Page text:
Four important reasons to sustainably dispose of your old mattress

Services, Social & Environmental Services

This is a sponsored article from member Australian Bedding Stewardship Council.

Throughout the year in the Australian market, there are peak times for mattress purchases based on sales promotion calendars, and mattresses are a regularly heavily discounted and advertised product category. This surge in sales leads to an increase in the need for consumers to find options for disposing of their old mattresses. Often consumers forget to think about this aspect before they have made their new purchase. So why is it essential that we strive for every mattress to be recycled and diverted from landfill? Why should retailers offer recycling services where they are geographically available, and why should salespeople encourage mattress recycling by asking their customers the question – “Do you have an old mattress to be disposed of?”

 1. Recycling encourages corporate social responsibility within business

A great reason to encourage consumers to seek retailers offering a recycling service option is that it is part of corporate social responsibility, contributing to positive environmental outcomes and the good a business can do to give back while selling great products and providing practical service options (note that recycling is generally not a free service). Standing out in a competitive mattress market on price or range can be difficult but showcasing a level of corporate social responsibility and solving consumers ‘old mattress’ problem helps them differentiate between their purchasing options and feel good about the positive impact of their purchasing decisions.

 2. Recycling can create meaningful employment opportunities

A great reason to recycle every mattress is that recycling can create job opportunities. There are mattress recyclers, which are also social enterprises, which create meaningful jobs for people who face barriers to employment, as they are given a real opportunity to work, learn and grow in their careers, often for the first time as employees. Jobs for people experiencing barriers to employment are great for our communities, reducing reliance on social security, building employment skills, and creating sustainable onshore jobs.

 3. Recycling can help our planet

Mattresses are big, bulky items that take up valuable and expensive space in landfill. At the end of life, a queen-size mattress weighs about 30 kg. Approximately 1.8 million mattresses are disposed of each year, equating to 54,000 tonnes. Currently, it is estimated that as much as 37,000 tonnes still go to landfill, consisting of full mattress units, shredded mattresses, and components with no recycling opportunity. Landfills cost local governments, ratepayers, and businesses millions of dollars each year to maintain, and viable landfill areas are running out quickly!

Landfill is not a good outcome for the environment, as resources with potential value are buried and take many years to break down, instead of being processed and recycled into new products.  Due to their size and construction, mattresses don’t compress well in landfill and can cause extensive term issues, including resurfacing due to their ‘buoyant’ nature, subsidence, equipment damage and even fires. They also take up valuable airspace that could be used for compostable items, such as bio-waste.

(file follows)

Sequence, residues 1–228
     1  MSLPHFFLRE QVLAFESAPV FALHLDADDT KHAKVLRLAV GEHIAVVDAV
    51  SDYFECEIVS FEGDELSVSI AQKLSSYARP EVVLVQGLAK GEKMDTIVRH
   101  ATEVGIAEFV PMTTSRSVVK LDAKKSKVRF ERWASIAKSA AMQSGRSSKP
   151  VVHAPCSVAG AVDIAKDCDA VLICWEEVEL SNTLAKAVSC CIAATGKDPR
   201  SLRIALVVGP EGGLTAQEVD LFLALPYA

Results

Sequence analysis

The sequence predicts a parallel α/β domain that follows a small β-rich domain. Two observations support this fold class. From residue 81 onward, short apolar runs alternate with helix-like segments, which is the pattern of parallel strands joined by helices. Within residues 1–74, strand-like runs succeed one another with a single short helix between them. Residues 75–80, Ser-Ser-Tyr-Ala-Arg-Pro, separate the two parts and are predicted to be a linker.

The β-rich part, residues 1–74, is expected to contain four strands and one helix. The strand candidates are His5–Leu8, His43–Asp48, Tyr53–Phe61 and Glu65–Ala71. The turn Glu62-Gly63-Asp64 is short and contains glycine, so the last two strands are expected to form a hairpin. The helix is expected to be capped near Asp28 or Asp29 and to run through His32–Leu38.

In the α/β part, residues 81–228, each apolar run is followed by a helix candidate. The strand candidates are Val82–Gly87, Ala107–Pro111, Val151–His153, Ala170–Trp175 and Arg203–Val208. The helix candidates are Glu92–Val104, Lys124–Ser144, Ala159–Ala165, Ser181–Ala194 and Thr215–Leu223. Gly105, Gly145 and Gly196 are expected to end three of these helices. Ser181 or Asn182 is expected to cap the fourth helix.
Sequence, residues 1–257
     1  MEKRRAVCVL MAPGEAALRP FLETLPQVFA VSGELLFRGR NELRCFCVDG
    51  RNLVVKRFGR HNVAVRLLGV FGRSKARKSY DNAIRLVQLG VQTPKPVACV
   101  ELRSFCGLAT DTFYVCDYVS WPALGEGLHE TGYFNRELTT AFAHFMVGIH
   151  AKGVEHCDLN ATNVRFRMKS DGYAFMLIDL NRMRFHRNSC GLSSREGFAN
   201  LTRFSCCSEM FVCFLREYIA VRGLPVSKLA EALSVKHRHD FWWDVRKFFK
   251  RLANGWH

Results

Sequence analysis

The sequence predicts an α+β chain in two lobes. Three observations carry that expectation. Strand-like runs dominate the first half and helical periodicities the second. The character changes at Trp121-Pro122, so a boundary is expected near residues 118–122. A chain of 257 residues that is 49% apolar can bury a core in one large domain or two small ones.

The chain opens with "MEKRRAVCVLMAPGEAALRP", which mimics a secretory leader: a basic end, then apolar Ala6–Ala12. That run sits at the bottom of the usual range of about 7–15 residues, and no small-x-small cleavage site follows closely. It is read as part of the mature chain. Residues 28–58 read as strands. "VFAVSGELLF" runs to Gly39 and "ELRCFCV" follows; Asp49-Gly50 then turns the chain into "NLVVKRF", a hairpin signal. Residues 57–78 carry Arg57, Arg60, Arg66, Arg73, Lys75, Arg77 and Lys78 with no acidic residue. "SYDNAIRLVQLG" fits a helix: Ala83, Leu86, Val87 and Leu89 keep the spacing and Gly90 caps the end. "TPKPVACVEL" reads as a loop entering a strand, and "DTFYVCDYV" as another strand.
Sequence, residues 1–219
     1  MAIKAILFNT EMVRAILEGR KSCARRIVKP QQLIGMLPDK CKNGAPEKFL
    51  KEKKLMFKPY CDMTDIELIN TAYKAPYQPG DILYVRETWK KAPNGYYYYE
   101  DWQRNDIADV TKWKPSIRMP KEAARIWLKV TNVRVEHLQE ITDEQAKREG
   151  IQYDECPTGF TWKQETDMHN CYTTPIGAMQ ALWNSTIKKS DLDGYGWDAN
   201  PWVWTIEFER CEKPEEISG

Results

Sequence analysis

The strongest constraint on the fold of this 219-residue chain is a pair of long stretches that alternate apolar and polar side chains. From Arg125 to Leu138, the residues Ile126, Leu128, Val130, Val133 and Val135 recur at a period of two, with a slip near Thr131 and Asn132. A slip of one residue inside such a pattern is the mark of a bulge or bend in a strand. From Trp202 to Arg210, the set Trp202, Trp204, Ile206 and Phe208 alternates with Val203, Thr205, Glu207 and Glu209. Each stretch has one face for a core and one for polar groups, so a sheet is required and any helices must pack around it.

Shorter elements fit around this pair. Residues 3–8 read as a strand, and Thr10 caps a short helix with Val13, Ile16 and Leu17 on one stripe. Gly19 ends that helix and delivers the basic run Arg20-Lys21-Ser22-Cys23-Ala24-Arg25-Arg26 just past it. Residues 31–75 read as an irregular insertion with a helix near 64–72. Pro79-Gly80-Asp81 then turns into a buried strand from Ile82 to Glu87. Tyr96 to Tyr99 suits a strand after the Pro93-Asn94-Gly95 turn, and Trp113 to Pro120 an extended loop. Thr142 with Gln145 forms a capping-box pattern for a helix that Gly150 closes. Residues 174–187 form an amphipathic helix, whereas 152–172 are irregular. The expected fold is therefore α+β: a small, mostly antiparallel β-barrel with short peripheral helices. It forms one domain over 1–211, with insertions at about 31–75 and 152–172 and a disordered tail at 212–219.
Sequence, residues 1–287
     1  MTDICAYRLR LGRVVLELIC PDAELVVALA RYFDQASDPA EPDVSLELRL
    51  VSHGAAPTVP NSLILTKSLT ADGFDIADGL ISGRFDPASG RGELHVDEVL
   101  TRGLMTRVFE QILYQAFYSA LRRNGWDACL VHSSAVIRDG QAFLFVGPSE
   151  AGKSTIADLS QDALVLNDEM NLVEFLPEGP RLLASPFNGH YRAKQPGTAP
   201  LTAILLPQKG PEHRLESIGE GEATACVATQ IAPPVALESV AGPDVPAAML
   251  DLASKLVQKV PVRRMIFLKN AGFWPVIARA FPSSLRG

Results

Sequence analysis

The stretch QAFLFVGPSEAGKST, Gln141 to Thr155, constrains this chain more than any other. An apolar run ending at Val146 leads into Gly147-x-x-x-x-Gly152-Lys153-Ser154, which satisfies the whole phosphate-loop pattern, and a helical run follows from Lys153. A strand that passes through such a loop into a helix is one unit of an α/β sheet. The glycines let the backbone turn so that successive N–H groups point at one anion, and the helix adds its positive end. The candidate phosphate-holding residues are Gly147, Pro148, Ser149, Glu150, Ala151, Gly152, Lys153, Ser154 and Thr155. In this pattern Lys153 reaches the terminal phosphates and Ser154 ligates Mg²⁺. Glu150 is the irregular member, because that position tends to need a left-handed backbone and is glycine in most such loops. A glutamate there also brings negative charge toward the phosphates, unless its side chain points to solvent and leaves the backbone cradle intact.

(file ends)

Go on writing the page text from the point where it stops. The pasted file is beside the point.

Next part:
In fact, the ACT has banned the landfill of mattresses, and others are trying to follow suit. Life Cycle analysis carried out abroad has shown that recycling every mattress is a significantly better environmental result than landfilling it.

4. Mattresses include resources of value that can potentially be reused to create new products

The Soft Landing facility in Hume, ACT. Visited by the Assistant Minister for Waste Reduction and Environmental Management, Hon Trevor Evans MP. 18 September 2019. Photo: Bradley Cummings

Australian mattresses are made up of multiple materials. Some have value, such as steel and polyurethane foam, depending on location, but others currently with limited re-use opportunities that make a material difference, such as the quilted layers and memory foam, invariably end up in landfill. The Australian Bedding Stewardship Council (ABSC) is looking for opportunities to improve mattress recycling rates by finding value in recovered materials and encouraging more recyclers to enter the market to extend to a national footprint, enabling all Australians to recycle responsibly.

Tips for Consumers

If you are a consumer looking to purchase a new mattress, think about what you will do with your old mattress. Seek retailers that offer recycling services who can deliver your lovely new mattress and take away your old one for recycling, or head to ABSC to find an ABSC-approved recycler that services your area.

Tips for those in the business of beds

Get into bed with the ABSC! The Australian Bedding Stewardship Council (ABSC) is a not-for-profit entity established in 2020 to tackle the problem of end-of-life mattresses in Australia to keep them out of landfill and off our streets. It is a voluntary, industry-led product stewardship scheme that works with supply chain, manufacturers, importers, retailers, and recyclers to move towards a circular economy for mattresses as the most pressing product to be dealt with. So, why not be that forward thinking business that cares about its impact on people and the planet? Reach out to the ABSC to talk about membership and participation to be part of the solution for the future.

This is an article from a Member. The views and opinions we express here don’t necessarily reflect our organisation.

by Australian Bedding Stewardship Council

This a sponsored post published on behalf of Australian Bedding Stewardship Council.